Metabolism

Drugs are metabolized by many sites in the body, including the gut wall, lungs, kidney and plasma. However, the majority of drug metabolism takes place in the liver which is the most metabolically active tissue per weight unit. We provide metabolic stability testing for small molecules including S9, microsomal and Hepatocytes stability assays.

S9 stability

S9 liver fraction is commonly used to support in vitro ADME studies, including phase I and phase II metabolism. S9 fraction is a mixture of microsomes and cytosol, which contains a wide variety of drug metabolizing enzymes and can be supplemented with cofactors such as NADPH and UDPGA. S9 fractions from different species are available to examine the differences in drug metabolism.

 

Standard S9 stability protocol:

Available species Human, rat, mouse, rabbit, dog, monkey
Test Compound Concentration 3 μM
S9 Concentration 1 mg/mL
Time Points 0, 5, 15, 30, 45 min
Temperature 37oC
Cofactors NADPH, UDPGA
Controls Blank sample
Sample without cofactor (45 min only)
Postive control (2 compounds)
Number of replicates

3 samples/time-point for test compound

1 sample/time-point for controls

Analysis Method LC-MS
Output data

Percent of the parent compound remaining after each incubation period

Intrinsic clearance
Half life

Microsomal stability

Liver microsomes are commonly used to support in vitro ADME studies. Liver microsomes contain a wide variety of drug metabolizing enzymes and are commonly used to examine the potential for first-pass metabolism of orally administered drugs. Microsomes are pooled form multiple donors to minimize lot-to-lot variation caused by interindividual variability. Microsomes from different species are available to examine the differences in drug metabolism.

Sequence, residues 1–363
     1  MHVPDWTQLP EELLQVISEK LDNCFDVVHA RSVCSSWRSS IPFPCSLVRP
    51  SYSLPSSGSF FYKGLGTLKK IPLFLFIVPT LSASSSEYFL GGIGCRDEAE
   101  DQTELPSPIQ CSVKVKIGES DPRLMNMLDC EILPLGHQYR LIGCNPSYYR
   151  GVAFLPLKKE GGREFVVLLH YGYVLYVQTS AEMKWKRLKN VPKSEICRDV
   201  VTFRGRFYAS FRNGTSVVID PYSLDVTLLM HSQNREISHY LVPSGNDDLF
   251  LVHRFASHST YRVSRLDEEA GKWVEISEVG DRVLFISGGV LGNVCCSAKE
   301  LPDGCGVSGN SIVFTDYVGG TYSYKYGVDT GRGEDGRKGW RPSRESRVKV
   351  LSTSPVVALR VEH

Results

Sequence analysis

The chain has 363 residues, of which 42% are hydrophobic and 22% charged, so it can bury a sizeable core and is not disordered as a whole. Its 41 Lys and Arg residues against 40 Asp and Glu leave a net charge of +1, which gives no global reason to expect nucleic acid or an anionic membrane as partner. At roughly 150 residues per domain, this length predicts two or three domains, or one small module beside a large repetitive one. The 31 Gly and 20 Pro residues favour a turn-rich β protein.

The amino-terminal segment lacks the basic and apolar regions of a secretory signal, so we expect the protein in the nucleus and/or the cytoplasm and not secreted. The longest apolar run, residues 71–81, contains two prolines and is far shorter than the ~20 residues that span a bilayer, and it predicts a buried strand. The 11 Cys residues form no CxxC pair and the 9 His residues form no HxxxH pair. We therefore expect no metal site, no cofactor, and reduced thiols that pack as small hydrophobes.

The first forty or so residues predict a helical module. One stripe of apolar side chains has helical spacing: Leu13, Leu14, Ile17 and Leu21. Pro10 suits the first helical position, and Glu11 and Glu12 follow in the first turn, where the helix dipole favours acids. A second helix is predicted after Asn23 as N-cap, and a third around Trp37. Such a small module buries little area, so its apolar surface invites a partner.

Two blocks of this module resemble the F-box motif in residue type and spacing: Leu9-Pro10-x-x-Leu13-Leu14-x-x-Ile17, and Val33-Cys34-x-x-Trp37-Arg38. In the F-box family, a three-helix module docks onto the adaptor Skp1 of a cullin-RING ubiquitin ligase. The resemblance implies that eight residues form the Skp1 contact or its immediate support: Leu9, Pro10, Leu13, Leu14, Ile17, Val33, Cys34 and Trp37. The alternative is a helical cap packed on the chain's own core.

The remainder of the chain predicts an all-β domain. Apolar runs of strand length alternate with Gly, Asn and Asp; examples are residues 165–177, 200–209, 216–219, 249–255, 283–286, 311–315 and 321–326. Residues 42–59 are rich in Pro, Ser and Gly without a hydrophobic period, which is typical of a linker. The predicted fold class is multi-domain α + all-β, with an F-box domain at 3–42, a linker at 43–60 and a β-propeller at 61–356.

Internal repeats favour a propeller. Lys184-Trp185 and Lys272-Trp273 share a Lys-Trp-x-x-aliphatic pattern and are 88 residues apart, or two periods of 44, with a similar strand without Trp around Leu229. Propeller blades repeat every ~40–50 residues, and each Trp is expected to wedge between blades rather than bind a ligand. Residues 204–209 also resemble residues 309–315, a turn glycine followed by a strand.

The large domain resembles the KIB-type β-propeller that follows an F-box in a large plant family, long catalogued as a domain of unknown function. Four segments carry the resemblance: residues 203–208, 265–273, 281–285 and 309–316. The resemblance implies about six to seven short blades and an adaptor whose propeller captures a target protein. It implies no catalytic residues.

Standard microsomal stability protocol:

Available species Human, rat, mouse, rabbit, dog, monkey
Test Compound Concentration 3 μM
Microsome Concentration 0.5 mg/mL
Time Points 0, 5, 15, 30, 45 min
Temperature 37oC
Cofactors NADPH
Controls Blank sample
Sample without cofactor (45 min only)
Postive control (2 compounds)
Number of replicates

3 samples/time-point for test compound

1 sample/time-point for controls

Analysis Method LC-MS
Output data

Percent of the parent compound remaining after each incubation period

Intrinsic clearance
Half life

Plasma stability

Stability of compounds in biological fluids is important parameter because substances which undergo rapid degradation exhibit low efficacy in vivo. Information about plasma instability is useful for other in vitro studies (e.g., plasma protein binding where data can be difficult to interpret), in vivo studies (e.g., storage and handling pre-clinical and clinical samples may be challenging) and for screening of drugs, where rapid conversion in plasma is desirable (e.g., prodrugs and antedrugs).

 

Standard plasma stability protocol:

Available species Human, rat, mouse, rabbit, dog, monkey, bovine
Test Compound Concentration 1 μM
Time-points 0, 15, 30, 60 and 120 min
Temperature 37oC
Controls

Blank sample

Positive control (1 compound)

Number of replicates

3 samples/time-point for test compound

1 sample/time-point for controls

Analysis Method LC-MS
Output data Percent of the parent compound remaining after each incubation period

Hepatocyte stability

Hepatocytes are commonly used to support in vitro ADME studies requiring intact cellular systems. Intact hepatocytes contain the major hepatic drug-metabolizing enzymes required to study the four categories of xenobiotic biotransformation: hydrolysis, reduction, oxidation and conjugation. The assay is performed on human hepatic cells Hep2G. Primary cryopreserved hepatocytes from different species are also available up on request to examine the differences in drug metabolism.

 

Standard hepatocyte stability assay protocol:

Test System Human Hep2G liver cells, Human, rat, mouse, dog, monkey, minipig (cryopreserved hepatocytes)
Test Compound Concentration 3 µM
Time points 0, 5, 10, 20, 40 and 60 min
Temperature 37oC
Controls Blank sample
Positive control (2 compounds)
Number of replicates

3 samples/time-point for test compound

1 sample/time-point for controls

Analysis Method LC-MS
Output data

Percent of the parent compound remaining after each incubation period

Intrinsic clearance
Half life